“We are at the dawn of a watershed change in the amount of data out there about us. It is created by us, about us. The stakes are high: will we use it for personal insight, and to build smarter, more sustainable communities, or will we use it for control, surveillance, and profit? Only by understanding the revolution already underway can we debate where we want it to go.” – Nora Young, The Virtual Self: How Our Digital Lives Are Altering the World Around Us (McClelland & Stewart, 2012).
“Last Thursday, I released a report about a breach involving a lost portable hard drive containing the educational data of 3.4 million individuals. Information assets, particularly the personal information of citizens, deserve the same respect, rigour and control as the management of financial assets… a loss, for example, of $3.4 million would be highly unlikely.” -- Elizabeth Denham, Information and Privacy Commissioner for B.C., from a speech to the 17th Annual Privacy & Security Conference, Victoria, B.C., Feb.5, 2016.
“In my view, privacy and research are partners, not adversaries, in the pursuit of better health outcomes. Protecting privacy and promoting research are both laudable public policy goals and both are important to British Columbians.”
- Elizabeth Denham, Information and Privacy Commissioner for British Columbia, Op ed, Vancouver Sun, Thursday, August 16, 2012.
“Bill C-51 opens the door to collecting, analyzing and potentially keeping forever the personal information of all Canadians in order to find the virtual needle in the haystack. To my mind, that goes too far.”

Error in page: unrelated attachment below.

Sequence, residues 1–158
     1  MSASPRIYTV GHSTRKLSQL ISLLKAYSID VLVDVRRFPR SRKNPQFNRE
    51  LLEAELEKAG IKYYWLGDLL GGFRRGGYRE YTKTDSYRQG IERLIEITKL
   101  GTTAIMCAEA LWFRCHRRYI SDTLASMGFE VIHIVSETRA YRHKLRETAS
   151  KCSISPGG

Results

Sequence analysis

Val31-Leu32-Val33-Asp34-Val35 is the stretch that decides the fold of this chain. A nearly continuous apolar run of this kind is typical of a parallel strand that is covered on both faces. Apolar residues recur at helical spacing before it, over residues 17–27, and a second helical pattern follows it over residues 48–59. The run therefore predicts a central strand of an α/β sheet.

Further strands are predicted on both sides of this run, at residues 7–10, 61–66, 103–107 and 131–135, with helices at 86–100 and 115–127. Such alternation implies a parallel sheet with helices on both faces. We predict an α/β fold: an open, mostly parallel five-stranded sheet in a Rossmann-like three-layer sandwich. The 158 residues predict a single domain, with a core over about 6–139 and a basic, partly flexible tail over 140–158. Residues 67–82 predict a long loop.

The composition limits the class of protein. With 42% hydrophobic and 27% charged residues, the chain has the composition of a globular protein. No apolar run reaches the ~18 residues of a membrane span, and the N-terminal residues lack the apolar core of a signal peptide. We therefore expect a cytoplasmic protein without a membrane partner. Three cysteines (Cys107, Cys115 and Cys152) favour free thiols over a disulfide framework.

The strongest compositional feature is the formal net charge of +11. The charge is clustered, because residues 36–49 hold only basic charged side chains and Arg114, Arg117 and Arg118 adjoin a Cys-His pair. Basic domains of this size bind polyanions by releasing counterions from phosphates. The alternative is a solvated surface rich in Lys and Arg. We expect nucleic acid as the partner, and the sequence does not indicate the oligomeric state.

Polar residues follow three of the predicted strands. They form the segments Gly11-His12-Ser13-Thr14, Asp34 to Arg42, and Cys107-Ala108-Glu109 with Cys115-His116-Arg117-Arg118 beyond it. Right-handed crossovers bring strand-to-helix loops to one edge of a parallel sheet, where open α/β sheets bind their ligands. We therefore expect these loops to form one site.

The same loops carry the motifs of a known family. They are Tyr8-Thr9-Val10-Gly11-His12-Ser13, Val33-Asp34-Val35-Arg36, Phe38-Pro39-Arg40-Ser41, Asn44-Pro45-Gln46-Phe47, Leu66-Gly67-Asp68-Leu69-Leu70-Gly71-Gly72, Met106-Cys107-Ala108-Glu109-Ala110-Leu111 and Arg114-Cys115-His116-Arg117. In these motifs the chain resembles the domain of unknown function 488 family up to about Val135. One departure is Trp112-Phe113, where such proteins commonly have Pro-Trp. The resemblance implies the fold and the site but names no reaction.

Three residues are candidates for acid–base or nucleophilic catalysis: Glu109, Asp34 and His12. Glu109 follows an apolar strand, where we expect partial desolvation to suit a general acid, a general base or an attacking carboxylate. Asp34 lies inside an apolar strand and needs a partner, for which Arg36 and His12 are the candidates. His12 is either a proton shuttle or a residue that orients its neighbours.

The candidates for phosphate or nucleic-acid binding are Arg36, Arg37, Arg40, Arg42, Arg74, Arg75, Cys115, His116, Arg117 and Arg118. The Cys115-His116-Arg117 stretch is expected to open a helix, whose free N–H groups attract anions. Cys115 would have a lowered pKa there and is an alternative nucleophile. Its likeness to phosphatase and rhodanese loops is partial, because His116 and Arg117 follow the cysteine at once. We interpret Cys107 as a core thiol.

Daniel Therrien, Privacy Commissioner of Canada, Op ed, The Globe and Mail, Friday, March 6, 2015.
“Historically, privacy was almost implicit, because it was hard to find and gather information. But in the digital world, whether it's digital cameras or satellites or just what you click on, we need to have more explicit rules –not just for governments but for private companies.” - Bill Gates, co-founder of Microsoft, Wired.com (Nov 12, 2013)
“I believe privacy as a fundamental value is important to us. The Internet has not diminished its importance to citizens and consumers. Privacy is about preserving our sense of self. Private time and private space are necessary to reflect, share intimacies, create friendships and address problems. Privacy means we, not others, control what information we share, and in what contexts.” - Elizabeth Denham, Information and Privacy Commissioner for British Columbia, Op ed, Vancouver Sun, Friday Jan. 28, 2011.
“I believe that a guarantee of public access to government information is indispensable in the long run for any democratic society…. if officials make public only what they want citizens to know, then publicity becomes a sham and accountability meaningless.”
- Sissela Bok, Swedish philosopher (1982).
This month, learn about accountability and the benefits of implementing a privacy management program. We have several online tools for you to explore, including two webinars (each with printer-friendly notes), a video, and podcast. Dig a little deeper with our related guidance documents, then take our privacy assessment challenge.